Archaic Period – 10,000 – 4,000 years ago

Painting of Archaic people

By 10,000 years ago, the climate had warmed, and the vegetation was slowly changing. The open forest of the Ice Age was being replaced by a denser spruce-pine forest similar to forests found in Canada today.  Deciduous trees, such as oak, chestnut, and maple were gradually migrating from the south, but these broadleaf trees did not replace the spruce/pine forest until after 9,000 years ago.  The human population gradually increased in size throughout the Archaic Period, during which people continued to hunt, fish, and gather wild plant foods.  The technology and the size of band territories evolved in response to the increasing population density and the continuing warming of the environment.  The Archaic Period is divided into three sub-periods based on changes in the types of tools and other artifacts that they used.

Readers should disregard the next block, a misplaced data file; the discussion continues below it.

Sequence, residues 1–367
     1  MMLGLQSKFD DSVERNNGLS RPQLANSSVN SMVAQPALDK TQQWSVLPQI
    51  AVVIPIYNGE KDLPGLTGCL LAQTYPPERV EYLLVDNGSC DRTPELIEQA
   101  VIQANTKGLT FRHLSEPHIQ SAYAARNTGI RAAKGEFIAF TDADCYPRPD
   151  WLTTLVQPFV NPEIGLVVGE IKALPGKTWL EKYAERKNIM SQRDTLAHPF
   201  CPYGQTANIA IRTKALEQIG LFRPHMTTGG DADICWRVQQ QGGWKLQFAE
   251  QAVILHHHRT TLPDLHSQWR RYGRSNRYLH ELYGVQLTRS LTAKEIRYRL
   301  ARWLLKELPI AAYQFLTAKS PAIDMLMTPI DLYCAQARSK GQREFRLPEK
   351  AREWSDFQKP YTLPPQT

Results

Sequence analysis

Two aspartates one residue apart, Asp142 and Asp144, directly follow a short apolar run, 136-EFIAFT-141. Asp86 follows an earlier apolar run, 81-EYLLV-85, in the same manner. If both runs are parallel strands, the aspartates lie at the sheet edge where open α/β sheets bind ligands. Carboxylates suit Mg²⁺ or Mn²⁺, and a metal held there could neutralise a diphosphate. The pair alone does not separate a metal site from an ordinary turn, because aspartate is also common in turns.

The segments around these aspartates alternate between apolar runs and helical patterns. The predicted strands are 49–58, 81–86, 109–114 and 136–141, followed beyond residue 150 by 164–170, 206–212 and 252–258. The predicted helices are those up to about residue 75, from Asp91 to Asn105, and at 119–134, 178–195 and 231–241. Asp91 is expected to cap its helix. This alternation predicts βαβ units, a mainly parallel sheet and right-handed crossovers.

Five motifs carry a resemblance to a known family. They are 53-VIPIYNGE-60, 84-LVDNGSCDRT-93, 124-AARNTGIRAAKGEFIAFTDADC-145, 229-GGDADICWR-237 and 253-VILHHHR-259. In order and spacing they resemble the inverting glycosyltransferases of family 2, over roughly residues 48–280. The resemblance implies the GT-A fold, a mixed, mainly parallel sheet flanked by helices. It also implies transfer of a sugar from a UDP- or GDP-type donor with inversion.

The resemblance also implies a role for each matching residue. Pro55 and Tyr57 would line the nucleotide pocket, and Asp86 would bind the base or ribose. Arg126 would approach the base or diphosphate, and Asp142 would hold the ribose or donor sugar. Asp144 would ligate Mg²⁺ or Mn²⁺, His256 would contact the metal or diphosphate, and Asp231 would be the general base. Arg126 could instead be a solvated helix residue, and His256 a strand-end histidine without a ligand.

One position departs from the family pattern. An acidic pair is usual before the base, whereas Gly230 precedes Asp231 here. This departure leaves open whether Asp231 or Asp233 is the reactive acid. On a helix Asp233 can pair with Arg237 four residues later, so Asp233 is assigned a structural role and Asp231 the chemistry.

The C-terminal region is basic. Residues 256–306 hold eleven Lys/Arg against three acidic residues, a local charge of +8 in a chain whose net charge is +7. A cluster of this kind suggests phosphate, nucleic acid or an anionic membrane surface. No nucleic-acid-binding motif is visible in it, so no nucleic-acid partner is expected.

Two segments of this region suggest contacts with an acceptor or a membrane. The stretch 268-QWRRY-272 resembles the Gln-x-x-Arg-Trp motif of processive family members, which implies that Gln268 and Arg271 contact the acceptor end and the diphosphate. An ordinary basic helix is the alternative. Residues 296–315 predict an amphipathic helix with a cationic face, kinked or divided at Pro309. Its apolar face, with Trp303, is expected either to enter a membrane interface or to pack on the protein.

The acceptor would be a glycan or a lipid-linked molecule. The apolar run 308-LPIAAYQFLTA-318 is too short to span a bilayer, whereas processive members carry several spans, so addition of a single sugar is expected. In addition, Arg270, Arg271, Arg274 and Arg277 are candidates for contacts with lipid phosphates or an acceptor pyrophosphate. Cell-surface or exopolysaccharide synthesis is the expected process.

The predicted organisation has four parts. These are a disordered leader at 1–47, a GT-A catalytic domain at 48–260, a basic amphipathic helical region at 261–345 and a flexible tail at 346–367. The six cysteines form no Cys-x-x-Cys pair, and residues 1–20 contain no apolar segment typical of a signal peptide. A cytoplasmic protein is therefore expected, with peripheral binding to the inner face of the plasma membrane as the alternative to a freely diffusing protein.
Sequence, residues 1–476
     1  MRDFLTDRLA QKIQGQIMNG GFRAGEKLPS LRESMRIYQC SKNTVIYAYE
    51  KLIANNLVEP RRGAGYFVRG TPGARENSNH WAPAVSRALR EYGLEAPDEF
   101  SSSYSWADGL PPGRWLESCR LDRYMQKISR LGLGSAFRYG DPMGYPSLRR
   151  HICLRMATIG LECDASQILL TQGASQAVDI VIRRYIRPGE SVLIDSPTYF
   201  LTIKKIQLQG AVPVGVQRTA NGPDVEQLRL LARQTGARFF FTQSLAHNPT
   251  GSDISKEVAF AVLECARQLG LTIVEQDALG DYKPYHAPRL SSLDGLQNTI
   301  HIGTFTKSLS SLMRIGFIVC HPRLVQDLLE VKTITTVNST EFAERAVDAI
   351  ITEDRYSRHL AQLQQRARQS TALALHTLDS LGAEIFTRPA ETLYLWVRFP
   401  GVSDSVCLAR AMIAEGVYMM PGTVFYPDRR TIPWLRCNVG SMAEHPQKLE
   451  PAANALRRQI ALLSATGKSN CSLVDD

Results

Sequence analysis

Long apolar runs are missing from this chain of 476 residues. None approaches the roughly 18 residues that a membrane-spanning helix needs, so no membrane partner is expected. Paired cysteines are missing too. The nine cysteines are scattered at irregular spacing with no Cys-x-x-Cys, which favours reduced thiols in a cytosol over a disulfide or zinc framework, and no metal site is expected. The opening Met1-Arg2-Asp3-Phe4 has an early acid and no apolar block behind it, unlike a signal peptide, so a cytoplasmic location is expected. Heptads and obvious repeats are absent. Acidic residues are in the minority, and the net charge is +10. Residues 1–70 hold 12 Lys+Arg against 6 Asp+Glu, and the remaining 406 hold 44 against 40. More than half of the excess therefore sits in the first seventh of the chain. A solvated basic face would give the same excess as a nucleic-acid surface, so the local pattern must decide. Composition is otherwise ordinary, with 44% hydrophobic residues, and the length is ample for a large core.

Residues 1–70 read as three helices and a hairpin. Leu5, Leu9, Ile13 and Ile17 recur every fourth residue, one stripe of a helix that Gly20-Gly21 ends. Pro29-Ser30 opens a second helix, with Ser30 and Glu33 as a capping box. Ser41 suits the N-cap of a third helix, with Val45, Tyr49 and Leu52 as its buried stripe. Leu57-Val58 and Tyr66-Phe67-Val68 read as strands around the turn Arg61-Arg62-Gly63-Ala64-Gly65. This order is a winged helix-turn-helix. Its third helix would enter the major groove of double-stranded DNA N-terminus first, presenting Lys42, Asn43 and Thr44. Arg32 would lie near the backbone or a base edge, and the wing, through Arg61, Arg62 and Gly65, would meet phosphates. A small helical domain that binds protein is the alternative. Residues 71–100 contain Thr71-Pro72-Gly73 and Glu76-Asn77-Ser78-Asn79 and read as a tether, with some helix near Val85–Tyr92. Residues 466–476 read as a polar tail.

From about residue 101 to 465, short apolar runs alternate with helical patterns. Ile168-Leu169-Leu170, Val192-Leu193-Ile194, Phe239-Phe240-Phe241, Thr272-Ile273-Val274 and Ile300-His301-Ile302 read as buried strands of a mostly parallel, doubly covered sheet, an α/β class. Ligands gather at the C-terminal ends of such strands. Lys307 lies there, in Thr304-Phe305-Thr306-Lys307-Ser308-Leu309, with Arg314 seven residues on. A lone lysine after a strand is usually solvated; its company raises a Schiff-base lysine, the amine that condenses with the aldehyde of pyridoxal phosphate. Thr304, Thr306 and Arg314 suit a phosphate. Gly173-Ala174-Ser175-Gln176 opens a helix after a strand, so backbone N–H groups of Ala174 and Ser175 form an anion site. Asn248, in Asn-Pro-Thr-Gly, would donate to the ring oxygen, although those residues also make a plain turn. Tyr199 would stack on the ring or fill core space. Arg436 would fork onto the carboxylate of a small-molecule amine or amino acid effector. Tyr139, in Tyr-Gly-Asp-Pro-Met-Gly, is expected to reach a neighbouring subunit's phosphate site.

The tool technology of the Early Archaic was similar to that of the Clovis people but instead of fluted points, distinctive notched spear points were used. 

Hunting in the dense coniferous forest was probably more difficult than in the open forest of Paleoindian times.  One means of increasing hunting success was the use of the atlatl or spear thrower. This device consisted of a flattened, wooden stick with a hook at one end to launch the spear.  It served to lengthen the hunter's throwing arm and increased the accuracy and speed of the throw.  Although the wooden atlatl is not preserved on archaeological sites, the stone weights that were placed on the end of the stick to increase its force are found on many Archaic Period sites.